In November 2014, Google added a new “mobile-friendly” label to their search results on mobile devices. Websites considered “mobile-friendly” are now ranked higher in search results on mobile devices than “non-mobile-friendly” websites.
Does your site pass the “mobile-friendly” test? Use Google’s Mobile-Friendly Test to quickly assess your website right now.
Did you pass? If so, awesome! If not, you may be wondering what all those “Not mobile-friendly” messages mean. In this article, we’ll explain 5 of the most common ones and what to do about it.
Understanding “Not mobile-friendly” Messages
Did your Mobile-Friendly test result in one of these messages? Here’s what they mean and what to do about it.
1. Links too close together:
We’ve all experienced the frustration of accidentally tapping a link when viewing a site on a mobile device.
It’s more difficult to accurately tap/press links on a mobile touchscreen than it is to click links with a mouse on desktop. It’s important to make targets larger and with more space to prevent accidental tapping of surrounding elements on mobile.
Google guidelines recommend a minimum tap target of 48 CSS pixels; this size is based on the average adult finger pad that is about 10mm wide (a bit less than half an inch).
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2. Mobile viewport not set:
In your site’s code, there are optional instructions – called meta tags – telling the browser information about your site. One of these is used to set the viewport. Setting the viewport controls how the website is displayed on mobile devices.
Without a viewport set, mobile devices will display the page at a typical desktop screen width, scaled in size to fit the mobile screen. Setting a viewport gives control over the page’s width and scaling on different devices. The viewport meta tag is one of the key features that makes responsive design possible.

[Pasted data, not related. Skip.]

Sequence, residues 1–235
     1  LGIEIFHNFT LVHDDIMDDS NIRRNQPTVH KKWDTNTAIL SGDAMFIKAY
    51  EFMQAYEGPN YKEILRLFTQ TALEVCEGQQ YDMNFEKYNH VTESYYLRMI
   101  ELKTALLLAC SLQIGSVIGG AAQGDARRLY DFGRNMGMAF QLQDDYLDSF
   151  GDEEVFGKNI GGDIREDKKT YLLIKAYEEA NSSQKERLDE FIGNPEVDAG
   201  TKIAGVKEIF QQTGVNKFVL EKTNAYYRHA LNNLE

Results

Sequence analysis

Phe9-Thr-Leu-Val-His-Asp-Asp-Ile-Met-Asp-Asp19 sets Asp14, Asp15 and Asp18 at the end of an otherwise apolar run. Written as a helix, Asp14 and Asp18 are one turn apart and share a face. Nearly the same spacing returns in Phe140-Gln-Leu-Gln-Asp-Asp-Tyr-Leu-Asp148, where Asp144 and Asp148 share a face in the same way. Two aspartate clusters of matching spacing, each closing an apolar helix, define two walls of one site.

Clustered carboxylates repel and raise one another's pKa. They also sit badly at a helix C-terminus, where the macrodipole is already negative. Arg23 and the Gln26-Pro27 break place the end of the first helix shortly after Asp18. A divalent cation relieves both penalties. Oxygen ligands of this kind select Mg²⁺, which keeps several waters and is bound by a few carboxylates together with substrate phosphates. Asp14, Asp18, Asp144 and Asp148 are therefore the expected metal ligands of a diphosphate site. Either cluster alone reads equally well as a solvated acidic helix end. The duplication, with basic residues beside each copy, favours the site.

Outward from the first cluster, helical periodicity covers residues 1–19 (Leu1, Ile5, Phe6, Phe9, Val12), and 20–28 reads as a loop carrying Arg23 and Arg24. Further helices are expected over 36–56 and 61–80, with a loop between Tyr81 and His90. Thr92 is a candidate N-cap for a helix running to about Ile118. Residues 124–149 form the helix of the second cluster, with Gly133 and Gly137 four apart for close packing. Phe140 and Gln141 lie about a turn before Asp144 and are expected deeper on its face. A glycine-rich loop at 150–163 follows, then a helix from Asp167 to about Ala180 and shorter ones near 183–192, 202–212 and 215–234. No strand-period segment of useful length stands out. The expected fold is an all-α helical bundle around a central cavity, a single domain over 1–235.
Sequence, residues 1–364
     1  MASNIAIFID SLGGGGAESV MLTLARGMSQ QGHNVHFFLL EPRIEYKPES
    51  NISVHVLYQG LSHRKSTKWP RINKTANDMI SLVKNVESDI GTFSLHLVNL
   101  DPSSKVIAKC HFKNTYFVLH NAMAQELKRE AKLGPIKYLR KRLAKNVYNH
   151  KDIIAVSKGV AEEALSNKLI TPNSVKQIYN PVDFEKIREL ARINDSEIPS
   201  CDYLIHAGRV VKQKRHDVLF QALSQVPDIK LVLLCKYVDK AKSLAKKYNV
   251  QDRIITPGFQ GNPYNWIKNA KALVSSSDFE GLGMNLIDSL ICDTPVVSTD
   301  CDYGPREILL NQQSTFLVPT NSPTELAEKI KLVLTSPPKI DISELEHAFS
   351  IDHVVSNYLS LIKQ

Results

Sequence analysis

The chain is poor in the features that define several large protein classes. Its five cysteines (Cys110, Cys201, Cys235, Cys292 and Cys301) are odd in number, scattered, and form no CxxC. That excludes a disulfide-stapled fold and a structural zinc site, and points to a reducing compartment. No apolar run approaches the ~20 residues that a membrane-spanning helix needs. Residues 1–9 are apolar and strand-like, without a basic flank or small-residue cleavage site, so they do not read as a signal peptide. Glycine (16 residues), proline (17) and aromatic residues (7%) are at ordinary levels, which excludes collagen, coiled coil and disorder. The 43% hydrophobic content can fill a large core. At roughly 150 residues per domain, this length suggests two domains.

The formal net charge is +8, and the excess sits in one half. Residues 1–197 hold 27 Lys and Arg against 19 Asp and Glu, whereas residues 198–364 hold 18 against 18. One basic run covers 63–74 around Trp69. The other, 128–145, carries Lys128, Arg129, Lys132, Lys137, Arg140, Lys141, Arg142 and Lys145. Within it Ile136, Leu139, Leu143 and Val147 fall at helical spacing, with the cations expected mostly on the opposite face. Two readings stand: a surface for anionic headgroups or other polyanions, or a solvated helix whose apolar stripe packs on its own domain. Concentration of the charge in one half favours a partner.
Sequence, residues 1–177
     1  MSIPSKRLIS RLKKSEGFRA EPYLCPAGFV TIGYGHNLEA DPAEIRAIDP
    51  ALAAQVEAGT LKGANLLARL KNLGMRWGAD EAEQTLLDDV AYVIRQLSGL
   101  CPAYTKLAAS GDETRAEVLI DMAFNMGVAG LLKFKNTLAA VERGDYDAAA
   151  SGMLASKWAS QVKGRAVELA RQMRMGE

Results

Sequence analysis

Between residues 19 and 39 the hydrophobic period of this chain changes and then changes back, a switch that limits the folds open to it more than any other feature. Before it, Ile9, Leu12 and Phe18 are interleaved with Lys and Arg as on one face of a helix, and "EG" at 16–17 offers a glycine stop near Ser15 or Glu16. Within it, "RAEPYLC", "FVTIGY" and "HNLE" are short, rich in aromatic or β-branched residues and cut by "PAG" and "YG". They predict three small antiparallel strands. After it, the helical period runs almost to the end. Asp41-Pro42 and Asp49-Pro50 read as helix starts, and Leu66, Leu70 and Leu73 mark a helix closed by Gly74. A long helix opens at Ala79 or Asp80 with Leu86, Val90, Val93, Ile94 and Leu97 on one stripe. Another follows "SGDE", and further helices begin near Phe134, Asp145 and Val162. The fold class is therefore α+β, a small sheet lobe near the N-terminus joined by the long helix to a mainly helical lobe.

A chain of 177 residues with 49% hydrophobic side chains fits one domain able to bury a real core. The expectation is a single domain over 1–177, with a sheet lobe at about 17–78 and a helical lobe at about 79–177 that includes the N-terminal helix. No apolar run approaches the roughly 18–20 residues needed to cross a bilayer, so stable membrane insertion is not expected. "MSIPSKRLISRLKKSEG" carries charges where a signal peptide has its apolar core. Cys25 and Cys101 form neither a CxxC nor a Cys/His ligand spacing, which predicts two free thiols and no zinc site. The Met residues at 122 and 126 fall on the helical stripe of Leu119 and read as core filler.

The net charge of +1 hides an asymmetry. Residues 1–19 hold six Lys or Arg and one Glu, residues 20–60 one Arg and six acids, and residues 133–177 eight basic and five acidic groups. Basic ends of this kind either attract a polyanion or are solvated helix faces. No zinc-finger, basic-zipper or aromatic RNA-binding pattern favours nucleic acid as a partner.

3. Text too small to read:
This message triggers when it is detected that the text is too small to be legible on mobile devices. When text is too small on mobile devices it requires the user to “pinch to zoom” in order to read – this is not an optimal user experience.
Google guidelines recommend a base font size of 16 CSS pixels and adjusting the size as needed based on the properties of the selected font.
4. Content wider than screen:
If page content does not fit horizontally within the screen size, it forces the user to pan horizontally to view the content. This issue is a little harder to troubleshoot than the others because it could be triggered for several reasons.
Sometimes the message is triggered because the viewport is not set (see above), but sometimes it’s more than that. Images could be the culprit—when image dimensions are too large (too wide) it will cause horizontal scrolling. The site code and CSS could also be the issue—if “absolute” widths are set wider than the screen, horizontal scrolling will occur. These issues can be avoided by using responsive images and “relative” CSS widths – both of which adjust to the screen size.
5. Uses incompatible plugins:
Some of our favorite sites have long used extra software, or “plugins,” that enable the browser to do things like stream movies, run complex animated games, and more. Some example plugins are Adobe Flash, Silverlight, and Java.
Most mobile devices do not support these plugins. Sites that require them often lead to a poor user experience on mobile, so Google marks them as “non-mobile-friendly.”
To avoid this, use modern web technologies when designing and developing your site. Nearly all content and functionality that once required these plugins can now be created using other mobile-friendly technologies.
Did your site fail the mobile-friendly test? Are you redesigning with mobile users in mind? Talk to us to understand your results and your options. Whether you are looking for some quick fixes or a complete overhaul of your mobile presence we can help you understand and define your mobile experience.
By Annette Gustafson
Senior Interface Designer
Annette has over 15 years in creative design for interactive experiences. Her design aesthetics and attention to detail can be seen through all stages of the collaborative process; from the initial sketches to the final deliverables.View Annette's Bio